That would be a good start OP grin

SavoyCabbage Sun 11-May-14 22:05:59

When I passed my driving test I was put in charge of the weekly shop. My mum loved that. She still talks about it now.

BadRoly Sun 11-May-14 22:12:26

Hi, I pay my 12yo dc1 pocket money straight into a bank account every 4 weeks. It's not loads but enough for cinema/make up/sweets etc.

In return I expect her to do any chores I ask, eg loading and emptying the dishwasher, emptying the inside bins into black sacks on bin night, planning and cooking one meal per week, putting her own clothes away, tidying her room once a week, feeding the cats/chickens, hoovering.

We chatted and agreed yesterday that she was going to start putting on a load of washing and learn how to use the washing machine. The next step is ironing! She is also keen to hit 14 as we have said we will pay her to babysit her younger siblings when she hits that magic age!!

Good luck

I'd say what you have said here, that you don't like having to ask for money for specific things and would it be possible for you to get a regular payment so that you can pay for your own things and learn about budgeting and becoming independent.

Say that you know there should be a level of chores that you should do and discuss what you agree those should be. I think keeping your room tidy and maybe one or two other things (dish washer or pet care or sorting the recycling type of stuff). You could then say over and above that are there specific jobs you could do that would maybe earn a bit more? e.g. cleaning out the kitchen cupboards, hoovering the house etc.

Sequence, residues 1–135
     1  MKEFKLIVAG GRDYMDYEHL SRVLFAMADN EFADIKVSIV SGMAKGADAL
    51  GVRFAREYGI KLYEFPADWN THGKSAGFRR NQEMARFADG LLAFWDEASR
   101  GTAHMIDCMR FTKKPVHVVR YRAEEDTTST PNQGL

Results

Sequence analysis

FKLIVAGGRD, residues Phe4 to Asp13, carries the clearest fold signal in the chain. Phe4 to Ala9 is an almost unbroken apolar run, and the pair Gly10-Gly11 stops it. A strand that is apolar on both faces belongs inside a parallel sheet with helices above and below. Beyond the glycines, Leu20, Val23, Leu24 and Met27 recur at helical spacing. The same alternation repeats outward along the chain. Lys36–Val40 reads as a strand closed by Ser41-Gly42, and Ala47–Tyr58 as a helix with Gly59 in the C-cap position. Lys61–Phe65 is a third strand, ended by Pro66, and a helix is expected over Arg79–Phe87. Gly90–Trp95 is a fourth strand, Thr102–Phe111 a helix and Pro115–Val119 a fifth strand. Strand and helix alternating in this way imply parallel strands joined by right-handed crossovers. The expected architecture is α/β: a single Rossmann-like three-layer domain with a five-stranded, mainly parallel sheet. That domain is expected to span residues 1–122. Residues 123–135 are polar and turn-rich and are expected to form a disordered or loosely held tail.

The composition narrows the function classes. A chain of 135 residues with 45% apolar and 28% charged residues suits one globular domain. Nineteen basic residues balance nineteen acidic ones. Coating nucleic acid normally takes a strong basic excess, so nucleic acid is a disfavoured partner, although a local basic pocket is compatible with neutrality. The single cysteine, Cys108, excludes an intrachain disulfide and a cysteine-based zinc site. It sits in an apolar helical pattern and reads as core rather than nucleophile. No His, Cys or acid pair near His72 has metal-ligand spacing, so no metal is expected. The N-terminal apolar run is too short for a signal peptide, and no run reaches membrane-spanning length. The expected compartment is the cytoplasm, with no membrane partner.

If you want to get her in a good mood, I'd do one biggish job to a really nice standard without being asked to show that you are keen to help.

ISingSoprano Mon 12-May-14 15:38:52

I think it is entirely reasonable to want some money of your own to spend as you please.

Do both your parents work? If you are home before them then stuff like making sure the kitchen is tidy, offering to make them a cup of tea when they get in, getting the washing in from the washing line (or emptying the dishwasher/washing machine/tumble drier) or making a start on the evening meal (preparing veg, making a sauce for pasta) will go down well I am sure - certainly would in this house anyway!